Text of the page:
Jul 21 2014 3:30pm

A Love Letter to Carl Kolchak: The Night Stalker

Darren McGavin Carl Kolchak the Night Stalker

Carl Kolchak: Anybody important here today?
Receptionist: No, just a bunch of reporters.

—from “The Energy Eater” episode of Kolchak: The Night Stalker

A lot of things contributed to me ultimately being a writer, but one of the most crucial was a guy in a bad suit and straw hat, with a camera and tape recorder slung over his shoulder. Yep, I mean the night stalker himself, Carl Kolchak, played by Darren McGavin.

More particularly, I mean the guy from the TV series Kolchak: The Night Stalker. The series was preceded by two TV movies, The Night Stalker and The Night Strangler, both written by Richard Matheson. In these movies, Carl was a more...rounded character, we’ll say. He still bucked the system, sought truth at all costs, and faced down the monster. But he also had a serious eye for the ladies (he dated a Vegas showgirl in the first one, and a Seattle belly dancer in the second) and a taste for alcohol (he called a glass of gin “the reporter’s natural habitat”).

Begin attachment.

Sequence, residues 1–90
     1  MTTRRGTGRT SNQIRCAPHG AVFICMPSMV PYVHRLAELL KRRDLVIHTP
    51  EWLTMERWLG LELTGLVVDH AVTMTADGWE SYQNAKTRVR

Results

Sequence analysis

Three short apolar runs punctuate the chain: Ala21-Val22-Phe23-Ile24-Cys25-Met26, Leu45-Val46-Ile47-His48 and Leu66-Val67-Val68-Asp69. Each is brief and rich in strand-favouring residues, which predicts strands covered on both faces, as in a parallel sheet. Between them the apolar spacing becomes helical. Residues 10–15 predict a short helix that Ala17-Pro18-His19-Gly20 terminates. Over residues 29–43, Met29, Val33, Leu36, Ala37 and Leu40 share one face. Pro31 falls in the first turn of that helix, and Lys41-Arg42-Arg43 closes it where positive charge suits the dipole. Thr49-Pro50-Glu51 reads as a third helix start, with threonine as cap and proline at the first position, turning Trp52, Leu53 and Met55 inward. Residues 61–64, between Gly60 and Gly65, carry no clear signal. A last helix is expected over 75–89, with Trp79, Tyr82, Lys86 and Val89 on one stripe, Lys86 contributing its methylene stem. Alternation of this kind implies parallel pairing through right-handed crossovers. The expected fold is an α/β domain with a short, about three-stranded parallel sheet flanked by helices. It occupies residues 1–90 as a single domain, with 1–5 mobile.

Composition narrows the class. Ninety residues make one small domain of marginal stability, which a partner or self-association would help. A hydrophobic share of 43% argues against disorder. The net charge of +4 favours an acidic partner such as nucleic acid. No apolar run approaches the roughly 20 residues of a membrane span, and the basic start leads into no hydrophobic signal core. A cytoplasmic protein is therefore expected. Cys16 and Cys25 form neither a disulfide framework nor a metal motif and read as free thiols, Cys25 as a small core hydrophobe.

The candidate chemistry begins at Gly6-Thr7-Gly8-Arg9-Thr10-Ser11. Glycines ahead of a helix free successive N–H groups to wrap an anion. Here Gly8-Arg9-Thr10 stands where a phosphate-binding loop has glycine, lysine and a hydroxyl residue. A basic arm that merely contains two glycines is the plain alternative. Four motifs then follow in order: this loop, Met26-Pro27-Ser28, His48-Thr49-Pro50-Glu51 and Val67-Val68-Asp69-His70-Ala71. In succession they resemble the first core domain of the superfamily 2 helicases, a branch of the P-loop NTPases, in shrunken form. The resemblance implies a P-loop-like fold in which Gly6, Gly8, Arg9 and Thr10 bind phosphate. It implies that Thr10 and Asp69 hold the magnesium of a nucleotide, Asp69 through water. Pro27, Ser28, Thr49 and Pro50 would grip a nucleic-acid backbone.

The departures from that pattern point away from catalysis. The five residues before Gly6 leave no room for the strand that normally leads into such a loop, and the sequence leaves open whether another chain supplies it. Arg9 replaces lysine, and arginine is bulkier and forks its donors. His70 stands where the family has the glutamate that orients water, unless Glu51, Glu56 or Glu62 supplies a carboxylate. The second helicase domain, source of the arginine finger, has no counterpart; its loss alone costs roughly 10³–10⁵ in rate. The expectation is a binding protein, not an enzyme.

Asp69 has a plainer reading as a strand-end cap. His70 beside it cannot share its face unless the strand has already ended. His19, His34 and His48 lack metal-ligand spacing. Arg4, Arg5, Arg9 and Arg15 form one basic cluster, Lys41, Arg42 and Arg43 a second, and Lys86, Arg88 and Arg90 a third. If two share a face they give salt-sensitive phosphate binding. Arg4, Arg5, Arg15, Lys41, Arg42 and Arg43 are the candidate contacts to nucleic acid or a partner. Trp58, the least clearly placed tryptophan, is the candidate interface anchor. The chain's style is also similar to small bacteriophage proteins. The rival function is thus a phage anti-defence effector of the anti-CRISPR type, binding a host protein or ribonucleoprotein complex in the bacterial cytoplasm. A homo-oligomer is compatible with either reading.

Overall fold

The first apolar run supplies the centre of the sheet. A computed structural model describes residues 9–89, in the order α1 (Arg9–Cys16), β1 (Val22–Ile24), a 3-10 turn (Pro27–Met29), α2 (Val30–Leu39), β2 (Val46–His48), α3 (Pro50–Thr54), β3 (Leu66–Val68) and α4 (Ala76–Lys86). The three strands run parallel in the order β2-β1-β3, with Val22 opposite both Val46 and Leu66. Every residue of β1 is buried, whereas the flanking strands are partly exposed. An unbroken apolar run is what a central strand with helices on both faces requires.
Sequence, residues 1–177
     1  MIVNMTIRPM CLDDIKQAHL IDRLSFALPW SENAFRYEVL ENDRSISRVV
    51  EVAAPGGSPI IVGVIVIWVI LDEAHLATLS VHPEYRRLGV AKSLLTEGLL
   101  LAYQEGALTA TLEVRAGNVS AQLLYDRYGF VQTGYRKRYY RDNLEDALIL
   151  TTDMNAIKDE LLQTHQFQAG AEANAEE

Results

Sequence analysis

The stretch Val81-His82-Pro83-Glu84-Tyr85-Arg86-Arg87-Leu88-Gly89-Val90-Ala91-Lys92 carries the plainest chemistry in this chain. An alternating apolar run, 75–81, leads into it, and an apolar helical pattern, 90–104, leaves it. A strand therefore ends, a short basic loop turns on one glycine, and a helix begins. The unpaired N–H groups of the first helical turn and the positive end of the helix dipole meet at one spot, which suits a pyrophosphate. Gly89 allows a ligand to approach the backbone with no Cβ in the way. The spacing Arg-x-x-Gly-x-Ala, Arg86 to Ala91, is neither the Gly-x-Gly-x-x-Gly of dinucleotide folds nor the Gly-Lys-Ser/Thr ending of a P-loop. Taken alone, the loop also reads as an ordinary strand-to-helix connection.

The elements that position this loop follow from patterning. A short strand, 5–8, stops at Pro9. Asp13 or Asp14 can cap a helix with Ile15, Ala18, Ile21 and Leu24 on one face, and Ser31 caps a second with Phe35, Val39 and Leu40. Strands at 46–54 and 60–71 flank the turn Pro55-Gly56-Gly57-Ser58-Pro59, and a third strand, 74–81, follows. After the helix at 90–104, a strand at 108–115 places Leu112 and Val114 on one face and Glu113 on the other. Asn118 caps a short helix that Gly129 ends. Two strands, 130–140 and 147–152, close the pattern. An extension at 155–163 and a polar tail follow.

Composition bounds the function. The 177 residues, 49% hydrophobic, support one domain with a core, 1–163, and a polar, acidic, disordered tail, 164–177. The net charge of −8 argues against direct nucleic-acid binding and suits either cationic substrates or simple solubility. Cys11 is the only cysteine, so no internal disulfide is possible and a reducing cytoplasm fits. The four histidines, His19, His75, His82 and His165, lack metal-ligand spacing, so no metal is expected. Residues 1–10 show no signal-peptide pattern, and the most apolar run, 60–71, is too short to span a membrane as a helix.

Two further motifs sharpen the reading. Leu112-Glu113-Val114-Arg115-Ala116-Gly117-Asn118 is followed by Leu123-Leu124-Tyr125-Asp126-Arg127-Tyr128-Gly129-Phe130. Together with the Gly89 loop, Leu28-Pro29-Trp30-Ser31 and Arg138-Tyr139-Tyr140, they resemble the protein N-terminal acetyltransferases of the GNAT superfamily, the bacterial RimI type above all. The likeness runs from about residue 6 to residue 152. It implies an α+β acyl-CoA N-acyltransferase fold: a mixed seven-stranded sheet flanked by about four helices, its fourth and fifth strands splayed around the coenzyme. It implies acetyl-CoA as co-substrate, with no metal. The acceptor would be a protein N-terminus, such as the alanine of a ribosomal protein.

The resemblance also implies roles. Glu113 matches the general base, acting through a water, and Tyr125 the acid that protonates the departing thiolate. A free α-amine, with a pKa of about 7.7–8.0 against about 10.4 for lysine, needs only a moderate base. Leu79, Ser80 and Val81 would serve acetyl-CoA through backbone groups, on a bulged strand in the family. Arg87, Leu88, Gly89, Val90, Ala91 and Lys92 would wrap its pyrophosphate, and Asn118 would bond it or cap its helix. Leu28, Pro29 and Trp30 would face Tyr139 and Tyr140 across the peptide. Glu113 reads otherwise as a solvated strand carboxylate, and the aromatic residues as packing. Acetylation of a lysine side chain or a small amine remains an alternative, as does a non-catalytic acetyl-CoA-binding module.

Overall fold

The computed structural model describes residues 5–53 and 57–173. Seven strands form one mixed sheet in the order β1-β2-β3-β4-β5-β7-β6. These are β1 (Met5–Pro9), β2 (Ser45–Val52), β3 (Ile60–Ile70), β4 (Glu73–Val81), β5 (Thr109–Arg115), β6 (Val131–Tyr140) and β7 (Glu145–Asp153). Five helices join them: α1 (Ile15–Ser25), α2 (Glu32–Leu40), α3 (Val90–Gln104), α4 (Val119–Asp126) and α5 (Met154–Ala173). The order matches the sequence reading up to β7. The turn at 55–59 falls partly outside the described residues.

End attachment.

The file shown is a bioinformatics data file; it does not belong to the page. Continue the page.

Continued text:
Darren McGavin Carl Kolchak the Night Stalker

In the TV show, though, he was simplified. Not made simple, mind you. But the show never showed his home, or what he did when he was off duty, or that he had any interest in romance. His “home” was his office, he was never off duty, and women were a distraction (as in his reaction to Lt. Irene Lamont in the episode “The Sentry”; she charms all the other [male] reporters into simpering blobs, but not Kolchak). The only thing that mattered to Carl was The Truth, and yes, for him it had two capital T’s.

Like a lot of things that influence us, it hit me at the perfect age. In 1975 I was 12, hooked on Star Trek reruns, SF novels and Batman comic books. I already had vague notions of writing my own stories, but as a lonely geek in small-town Tennessee, being a writer seemed about as likely as getting a date.

But when I saw Kolchak, everything changed. So what if girls ignored me? I could ignore them just like Carl did. What did it matter if there was nothing in my small town to make me look forward to the future? The Truth, long before the X-Files, was out there somewhere, in a big city like Chicago where monsters could lurk with impunity. All I needed were a few pieces of gear, like a portable cassette recorder (these were cutting edge at the time), a 110 camera (utterly impractical for real news photography, but I didn’t know that until later), and that most glorious of inventions, the typewriter, featured in the show’s credits.

Kolchak the Night Stalker

There were other great things about the show as well: its pervasive humor, its consistently downbeat endings (Carl often discovered the truth, but was never allowed to share it), its insistence on monsters being monsters. And those elements are among the things that keep me coming back to the show even now, almost 40 years later.